How corporate communicators can stay ahead in the age of AI

How corporate communicators can stay ahead in the age of AI

The following is a guest piece by Bully Pulpit Interactive (BPI) Partners Robert Gibbs and Jeff Nussbaum. Opinions are the authors’ own.

Artificial intelligence (AI), which is already changing our world in ways large and small — and dominating every conversation we have — is, itself, changing, bringing with it updates that are particularly significant for today’s corporate communicators. 

With the announcement that OpenAI’s ChatGPT will be searching the web for current information (a feature already present in Microsoft’s Bing Chat and Google’s Bard), it’s clearer than ever that AI is seeking to replace search.  

Why does this matter to you, a communicator?  

Because AI only tells one story. Definitively. Authoritatively. And often not in the way that you would want. In a world where you only get to tell one story, you need that story told correctly.

Take, for example, when we asked some of the leading AIs about: The performance of a major CEO, and the main takeaway is that he continued to receive increasingly lavish compensation while the company notched its worst performance in a decade; the pros and cons of working at a major tech company, and the “cutthroat culture, long hours, and high stress” were the main focus of the answer; or a reason to choose one rideshare service over another, and you get told that one pays and treats its drivers less well.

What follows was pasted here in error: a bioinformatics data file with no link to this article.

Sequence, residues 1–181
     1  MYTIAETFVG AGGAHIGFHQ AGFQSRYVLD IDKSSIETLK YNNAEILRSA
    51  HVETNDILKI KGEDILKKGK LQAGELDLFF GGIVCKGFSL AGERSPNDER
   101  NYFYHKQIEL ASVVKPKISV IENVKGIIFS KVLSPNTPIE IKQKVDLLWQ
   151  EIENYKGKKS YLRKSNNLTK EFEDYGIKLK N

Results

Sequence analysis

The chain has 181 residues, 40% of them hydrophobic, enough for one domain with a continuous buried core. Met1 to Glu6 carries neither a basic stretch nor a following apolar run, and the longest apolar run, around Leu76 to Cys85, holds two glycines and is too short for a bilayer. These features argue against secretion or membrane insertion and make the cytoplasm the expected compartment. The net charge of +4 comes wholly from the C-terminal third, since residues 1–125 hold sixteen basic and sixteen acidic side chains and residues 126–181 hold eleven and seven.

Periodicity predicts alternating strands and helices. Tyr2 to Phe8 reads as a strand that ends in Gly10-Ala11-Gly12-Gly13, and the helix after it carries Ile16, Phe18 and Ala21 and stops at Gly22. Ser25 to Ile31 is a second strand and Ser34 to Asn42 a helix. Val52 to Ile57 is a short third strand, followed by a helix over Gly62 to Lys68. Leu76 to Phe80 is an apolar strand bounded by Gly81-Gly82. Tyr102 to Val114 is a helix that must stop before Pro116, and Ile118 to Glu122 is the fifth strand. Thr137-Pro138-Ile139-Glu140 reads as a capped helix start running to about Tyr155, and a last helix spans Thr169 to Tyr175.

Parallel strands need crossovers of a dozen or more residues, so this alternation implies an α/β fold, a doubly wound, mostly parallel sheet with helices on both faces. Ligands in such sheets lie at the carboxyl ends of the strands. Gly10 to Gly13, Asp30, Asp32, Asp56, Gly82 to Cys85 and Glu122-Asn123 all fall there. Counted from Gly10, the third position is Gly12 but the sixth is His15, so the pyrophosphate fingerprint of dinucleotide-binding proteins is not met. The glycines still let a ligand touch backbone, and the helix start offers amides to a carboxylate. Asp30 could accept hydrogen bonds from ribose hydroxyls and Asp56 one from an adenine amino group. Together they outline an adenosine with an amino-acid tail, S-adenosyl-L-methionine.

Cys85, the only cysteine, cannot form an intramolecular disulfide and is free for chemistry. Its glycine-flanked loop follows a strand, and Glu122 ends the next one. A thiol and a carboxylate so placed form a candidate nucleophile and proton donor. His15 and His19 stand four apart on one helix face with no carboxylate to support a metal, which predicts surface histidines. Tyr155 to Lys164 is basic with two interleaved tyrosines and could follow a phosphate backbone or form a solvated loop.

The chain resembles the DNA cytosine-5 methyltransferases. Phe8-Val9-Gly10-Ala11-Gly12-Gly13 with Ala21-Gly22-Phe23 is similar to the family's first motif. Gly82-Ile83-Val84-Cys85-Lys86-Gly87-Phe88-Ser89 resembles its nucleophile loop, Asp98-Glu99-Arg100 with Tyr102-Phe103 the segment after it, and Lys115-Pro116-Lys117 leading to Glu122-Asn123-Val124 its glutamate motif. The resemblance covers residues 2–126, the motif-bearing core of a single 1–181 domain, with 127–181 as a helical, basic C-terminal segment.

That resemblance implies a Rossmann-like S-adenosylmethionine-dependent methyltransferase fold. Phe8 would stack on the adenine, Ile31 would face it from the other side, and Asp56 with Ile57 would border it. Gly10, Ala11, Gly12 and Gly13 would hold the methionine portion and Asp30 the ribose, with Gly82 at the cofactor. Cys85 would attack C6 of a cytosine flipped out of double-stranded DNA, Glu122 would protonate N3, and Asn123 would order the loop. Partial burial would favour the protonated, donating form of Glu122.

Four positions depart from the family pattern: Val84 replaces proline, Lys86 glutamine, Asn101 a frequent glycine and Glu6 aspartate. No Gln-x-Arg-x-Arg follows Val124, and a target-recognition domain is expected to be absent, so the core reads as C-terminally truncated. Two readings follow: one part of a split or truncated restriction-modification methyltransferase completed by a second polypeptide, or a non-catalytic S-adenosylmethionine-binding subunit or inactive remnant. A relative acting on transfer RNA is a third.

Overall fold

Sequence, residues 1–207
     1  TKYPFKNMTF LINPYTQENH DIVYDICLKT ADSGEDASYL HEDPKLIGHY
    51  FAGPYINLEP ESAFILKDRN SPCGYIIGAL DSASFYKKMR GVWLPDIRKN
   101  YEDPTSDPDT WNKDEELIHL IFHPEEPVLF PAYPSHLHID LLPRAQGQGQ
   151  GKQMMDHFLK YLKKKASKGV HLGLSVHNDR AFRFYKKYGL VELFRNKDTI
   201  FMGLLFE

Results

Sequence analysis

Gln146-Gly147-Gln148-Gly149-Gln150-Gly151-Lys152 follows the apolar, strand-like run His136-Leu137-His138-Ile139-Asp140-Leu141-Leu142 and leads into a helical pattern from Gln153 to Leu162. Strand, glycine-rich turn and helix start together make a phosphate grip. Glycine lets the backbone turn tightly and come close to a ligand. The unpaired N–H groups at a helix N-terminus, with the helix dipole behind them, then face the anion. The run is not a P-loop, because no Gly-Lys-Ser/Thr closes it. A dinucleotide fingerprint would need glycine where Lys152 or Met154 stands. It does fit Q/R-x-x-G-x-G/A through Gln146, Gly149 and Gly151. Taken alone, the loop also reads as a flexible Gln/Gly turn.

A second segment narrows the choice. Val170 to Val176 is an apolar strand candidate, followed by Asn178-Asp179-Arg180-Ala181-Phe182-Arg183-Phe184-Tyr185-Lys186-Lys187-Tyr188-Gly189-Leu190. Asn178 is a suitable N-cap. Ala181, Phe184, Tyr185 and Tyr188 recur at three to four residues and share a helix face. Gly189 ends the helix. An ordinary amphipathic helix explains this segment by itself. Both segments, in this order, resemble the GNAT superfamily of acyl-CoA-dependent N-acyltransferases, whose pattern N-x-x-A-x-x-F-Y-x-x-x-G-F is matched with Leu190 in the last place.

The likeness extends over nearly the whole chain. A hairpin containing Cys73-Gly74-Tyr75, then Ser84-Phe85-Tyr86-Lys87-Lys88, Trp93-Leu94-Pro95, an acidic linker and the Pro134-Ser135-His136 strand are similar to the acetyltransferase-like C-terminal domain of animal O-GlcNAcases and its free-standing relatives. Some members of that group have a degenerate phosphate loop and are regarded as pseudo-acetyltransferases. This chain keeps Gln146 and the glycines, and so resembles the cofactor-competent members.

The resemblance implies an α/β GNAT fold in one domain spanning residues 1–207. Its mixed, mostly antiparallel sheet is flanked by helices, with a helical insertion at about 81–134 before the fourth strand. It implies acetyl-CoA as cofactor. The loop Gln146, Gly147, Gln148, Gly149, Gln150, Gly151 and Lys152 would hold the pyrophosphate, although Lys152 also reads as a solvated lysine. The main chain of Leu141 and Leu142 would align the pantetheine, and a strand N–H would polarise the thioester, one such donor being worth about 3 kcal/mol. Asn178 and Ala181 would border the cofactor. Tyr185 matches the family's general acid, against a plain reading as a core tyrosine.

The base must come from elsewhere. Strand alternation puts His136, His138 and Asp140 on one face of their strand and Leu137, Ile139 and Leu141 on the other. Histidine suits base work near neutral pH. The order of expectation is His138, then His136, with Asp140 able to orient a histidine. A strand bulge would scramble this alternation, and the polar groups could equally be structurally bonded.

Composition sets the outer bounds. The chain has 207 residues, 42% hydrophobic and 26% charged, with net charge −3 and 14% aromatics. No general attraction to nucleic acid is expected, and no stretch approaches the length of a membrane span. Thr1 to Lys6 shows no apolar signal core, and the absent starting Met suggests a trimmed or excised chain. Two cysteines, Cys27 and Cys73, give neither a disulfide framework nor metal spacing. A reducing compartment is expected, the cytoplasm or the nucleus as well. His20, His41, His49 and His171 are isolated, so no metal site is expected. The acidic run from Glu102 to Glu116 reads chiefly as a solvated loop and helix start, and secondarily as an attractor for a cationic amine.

These aren’t the “AI hallucinations” you’ve heard so much about. These answers are all true in some form. But they are not the stories these people and organizations want told about themselves.

That’s because AI responses differ from standard search in several meaningful ways:

  • AI delivers synthesis over discovery: Previously, you could look for information and make your own judgment about which information, from which sources, felt most authoritative and relevant to you. Today, AI models present responses in clear, declarative prose. Responses are pre-synthesized, presented as fact and offer little opportunity to discover a dissenting opinion. Information presented this way is much more likely to be taken at face value.
  • AI delivers summary over recency: At present, AI models seem to deprioritize recent news stories in favor of longer-term narrative consistency. For communicators, that means there are fewer “quick fixes” available. A deeply-reported positive profile article is no longer a reputational silver bullet, because there’s no guarantee it will get top billing or even sufficient visibility under the new AI regime.
  • AI is drawing from surprising sources: AI generates authoritative statements from websites you’ve never heard of; it’s as likely to pull from outside of what we might consider mainstream news sources, including and especially Wikipedia, as they are from anything else. For example, on an inquiry about GM CEO Mary Barra, Bing was just as likely to lift from the blog as it was from Forbes. Expect a lot more of this as these AIs seek “real time” responses.